Tuesday, October 14, 2008

Learning to Design...

I am slowly but surely learning how to design Digital Scrapbooking items. I have been using a trial version of PhotoShop Creative Suite 3 Extended. Technically it has expired so now I have to find a way to purchase it, or something lesser and cheaper! Here is what I have made so far...

A brown wavy paper.

Oops, it looks like I may have some stray shadow at the top, I'll be fixing that.

A brick wall scene.

I envision a graffiti saying next to a photo of my daughter doing something artistic. Or maybe just playing in paint! Actually the only funny picture I have so far is one with her eating a green crayon and smiling with big chunks of wax in her teeth!

Snowman Scene Paper

Let it Snow Word Art

The Snow letters have really cool texture too!

Just a few buttons too.

It's not much but its a small start I guess. I never knew how much you can do with all the tools in PhotoShop!! It's really fun to play around and learn. Plus there are some really great websites out there that offer tons of tutorials on how to make your own stuff!

Tuesday, October 7, 2008

Working on Part Three...

So, I've been working on Part Three about my daughter with Netherton Syndrome, but I guess I'm finding it a little hard to write because I feel almost like I am complaining rather than explaining. I think an explanation needs to be preceded with a question, right?

It does prove very therapeutic to write my feelings down, and tell our story. I guess I'm just wondering if anyone is even reading it. I would greatly appreciate some comments with any questions you might have about us. Sure, ask anything... about the disorder, about our family, our life, etc.

-Anna Dawn

Thursday, October 2, 2008

Part Two- The Diagnosis

Netherton Syndrome.

Netherton's is from the Ichthyosis family.
Pronounced ick-thee-o-sis.
Don't know what ichthyosis is? Go here:

There is a lot of random information on the web about Netherton Syndrome. Here are a few sites that I have found and know to be the most helpful and accurate.

F.I.R.S.T. Website
(Foundation for Ichthyosis and Related Skin Types)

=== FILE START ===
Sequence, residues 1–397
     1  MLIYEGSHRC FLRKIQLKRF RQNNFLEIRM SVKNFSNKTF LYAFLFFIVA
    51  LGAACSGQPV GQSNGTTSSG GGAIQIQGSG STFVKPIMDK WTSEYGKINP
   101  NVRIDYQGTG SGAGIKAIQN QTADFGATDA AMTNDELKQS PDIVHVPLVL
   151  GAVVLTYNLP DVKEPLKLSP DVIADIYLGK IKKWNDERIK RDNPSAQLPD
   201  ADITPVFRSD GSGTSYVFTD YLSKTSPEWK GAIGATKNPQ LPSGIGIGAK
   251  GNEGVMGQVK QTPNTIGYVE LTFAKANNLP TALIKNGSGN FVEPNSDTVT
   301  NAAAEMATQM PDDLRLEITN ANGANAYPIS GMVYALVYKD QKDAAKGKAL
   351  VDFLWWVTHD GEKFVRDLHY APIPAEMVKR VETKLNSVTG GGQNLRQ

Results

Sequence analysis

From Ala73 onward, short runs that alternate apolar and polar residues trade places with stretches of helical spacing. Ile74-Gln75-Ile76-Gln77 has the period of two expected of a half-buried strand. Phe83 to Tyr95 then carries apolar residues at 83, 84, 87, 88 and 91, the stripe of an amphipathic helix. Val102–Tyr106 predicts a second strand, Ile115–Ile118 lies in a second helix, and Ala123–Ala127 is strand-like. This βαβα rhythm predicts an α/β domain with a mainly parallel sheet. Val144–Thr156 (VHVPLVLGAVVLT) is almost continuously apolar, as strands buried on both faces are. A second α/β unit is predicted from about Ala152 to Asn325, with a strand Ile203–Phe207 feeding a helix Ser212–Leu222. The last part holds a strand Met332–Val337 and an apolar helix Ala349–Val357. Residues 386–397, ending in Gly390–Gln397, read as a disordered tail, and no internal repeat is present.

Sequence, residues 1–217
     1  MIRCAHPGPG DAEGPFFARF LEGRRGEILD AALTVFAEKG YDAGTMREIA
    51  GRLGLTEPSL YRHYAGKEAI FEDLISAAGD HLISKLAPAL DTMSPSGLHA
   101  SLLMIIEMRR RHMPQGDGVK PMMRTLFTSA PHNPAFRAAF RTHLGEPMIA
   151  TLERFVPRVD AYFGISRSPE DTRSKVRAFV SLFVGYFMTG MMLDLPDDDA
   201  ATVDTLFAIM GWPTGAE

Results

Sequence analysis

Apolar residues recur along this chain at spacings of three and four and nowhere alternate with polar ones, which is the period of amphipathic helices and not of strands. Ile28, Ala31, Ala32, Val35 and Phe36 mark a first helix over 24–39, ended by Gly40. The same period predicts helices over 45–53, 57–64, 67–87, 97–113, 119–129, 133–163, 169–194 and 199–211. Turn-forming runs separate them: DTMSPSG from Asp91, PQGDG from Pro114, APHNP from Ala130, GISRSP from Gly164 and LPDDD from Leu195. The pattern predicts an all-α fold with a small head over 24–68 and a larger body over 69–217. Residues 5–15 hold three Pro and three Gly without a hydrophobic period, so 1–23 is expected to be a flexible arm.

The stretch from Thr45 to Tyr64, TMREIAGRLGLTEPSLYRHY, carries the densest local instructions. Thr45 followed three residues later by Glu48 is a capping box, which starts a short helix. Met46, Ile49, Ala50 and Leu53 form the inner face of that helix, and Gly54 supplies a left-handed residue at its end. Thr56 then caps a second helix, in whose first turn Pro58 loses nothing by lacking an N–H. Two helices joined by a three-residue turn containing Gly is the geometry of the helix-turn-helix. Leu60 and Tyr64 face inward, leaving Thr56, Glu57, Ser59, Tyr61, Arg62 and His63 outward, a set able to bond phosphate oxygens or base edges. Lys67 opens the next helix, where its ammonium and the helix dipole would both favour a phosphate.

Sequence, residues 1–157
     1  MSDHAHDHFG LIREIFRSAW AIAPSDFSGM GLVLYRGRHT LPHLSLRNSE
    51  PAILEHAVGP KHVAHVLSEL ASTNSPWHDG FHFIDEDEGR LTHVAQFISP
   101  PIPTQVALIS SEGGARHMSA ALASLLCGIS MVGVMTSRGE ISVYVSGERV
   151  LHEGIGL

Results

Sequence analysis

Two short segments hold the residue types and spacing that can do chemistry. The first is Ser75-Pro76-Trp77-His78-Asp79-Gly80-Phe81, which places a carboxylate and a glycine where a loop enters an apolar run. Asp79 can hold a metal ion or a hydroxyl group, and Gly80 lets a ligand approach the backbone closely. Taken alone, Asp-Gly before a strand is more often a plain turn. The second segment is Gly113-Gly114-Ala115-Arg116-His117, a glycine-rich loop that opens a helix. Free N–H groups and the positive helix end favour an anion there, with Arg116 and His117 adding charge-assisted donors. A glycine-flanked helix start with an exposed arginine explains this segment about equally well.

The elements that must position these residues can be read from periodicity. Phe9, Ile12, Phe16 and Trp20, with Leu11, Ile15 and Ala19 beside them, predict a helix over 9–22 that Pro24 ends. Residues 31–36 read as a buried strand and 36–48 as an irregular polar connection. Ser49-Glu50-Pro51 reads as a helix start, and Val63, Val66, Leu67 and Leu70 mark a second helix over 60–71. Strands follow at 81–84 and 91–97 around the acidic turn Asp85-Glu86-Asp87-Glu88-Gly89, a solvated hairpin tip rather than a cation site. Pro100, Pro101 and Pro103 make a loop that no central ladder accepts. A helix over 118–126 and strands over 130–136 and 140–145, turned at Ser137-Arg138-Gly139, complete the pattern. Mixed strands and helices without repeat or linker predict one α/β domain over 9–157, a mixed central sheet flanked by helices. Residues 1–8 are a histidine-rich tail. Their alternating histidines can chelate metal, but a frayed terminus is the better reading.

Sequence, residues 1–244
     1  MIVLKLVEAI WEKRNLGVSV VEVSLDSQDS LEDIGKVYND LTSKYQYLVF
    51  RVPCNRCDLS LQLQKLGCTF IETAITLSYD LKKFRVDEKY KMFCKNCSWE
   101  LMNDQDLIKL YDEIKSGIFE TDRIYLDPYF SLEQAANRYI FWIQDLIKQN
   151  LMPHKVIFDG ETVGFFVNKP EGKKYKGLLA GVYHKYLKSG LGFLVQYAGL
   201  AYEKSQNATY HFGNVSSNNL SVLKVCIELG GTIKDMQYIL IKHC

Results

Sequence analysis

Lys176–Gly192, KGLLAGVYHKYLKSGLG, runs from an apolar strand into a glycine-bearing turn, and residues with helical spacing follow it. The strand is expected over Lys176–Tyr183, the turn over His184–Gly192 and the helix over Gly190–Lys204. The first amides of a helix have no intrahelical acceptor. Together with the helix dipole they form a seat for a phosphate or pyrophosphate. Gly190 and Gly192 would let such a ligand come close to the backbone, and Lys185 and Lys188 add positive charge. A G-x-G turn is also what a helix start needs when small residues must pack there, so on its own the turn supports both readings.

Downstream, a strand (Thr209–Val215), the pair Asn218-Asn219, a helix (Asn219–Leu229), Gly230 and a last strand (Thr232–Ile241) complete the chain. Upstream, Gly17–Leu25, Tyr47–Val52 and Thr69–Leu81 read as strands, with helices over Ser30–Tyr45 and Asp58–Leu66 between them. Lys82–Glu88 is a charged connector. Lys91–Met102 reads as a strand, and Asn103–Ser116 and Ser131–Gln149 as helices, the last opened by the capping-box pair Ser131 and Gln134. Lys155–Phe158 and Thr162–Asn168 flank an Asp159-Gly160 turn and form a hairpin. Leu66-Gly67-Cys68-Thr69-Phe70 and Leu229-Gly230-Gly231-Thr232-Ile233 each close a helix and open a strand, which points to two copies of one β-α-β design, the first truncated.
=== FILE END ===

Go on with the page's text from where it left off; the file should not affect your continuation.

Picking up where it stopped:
EmmaLee was five months old in this picture, but she still looks like a newborn! This is about when we got our final diagnosis. The doctors had been telling us for a few months that it was probably Netherton's Syndrome, but all the research we had done only made us wish harder that it wasn't.

EmmaLee and I flew down to Seattle to the University of Washington - Medical Genetics and Dermatology Department. The Doctor, Virginia Sybert, is said to be the Leading Pediatric Dermatologist in the NATION. We felt like we were going to see royalty or something! She was so nice, and really listened to my concerns and questions. She was able to answer some odd, but valid questions I had that no one else had been able to answer. Such as, will EmmaLee ever be able to scar? Which the answer is No. It was a very validating experience to learn so much about all the things we had been seeing and experiencing while learning how to take care of her. We knew what happens with the disorder from dealing with it every day, but now we knew WHY it was happening.

Short Explanation: EmmaLee is missing her Epidermis (which is the top layer of skin). Your epidermis has many important roles, such as maintaining body temperature, keeping germs and bacteria out of your body, and most importantly holding in your body's moisture. The second underlying problem is that due to a genetic mutation, she also Overproduces skin cells to compensate for shedding them. Combined, these two defects cause her to loose water through her skin, causing her skin to dry very quickly and peel off. Sometimes shedding an entire layer of skin each day. The redness is caused by the lack of the epidermis which also serves as a protective layer for all the many blood vessels that lie so close to the surface. EmmaLee's blood vessels are all but exposed on her face. She scratches and bleeds very easily.

Whew... that didn't really feel like the short answer did it? Well it was. There are so many different complications and effects this has on her body, but that is the basics.


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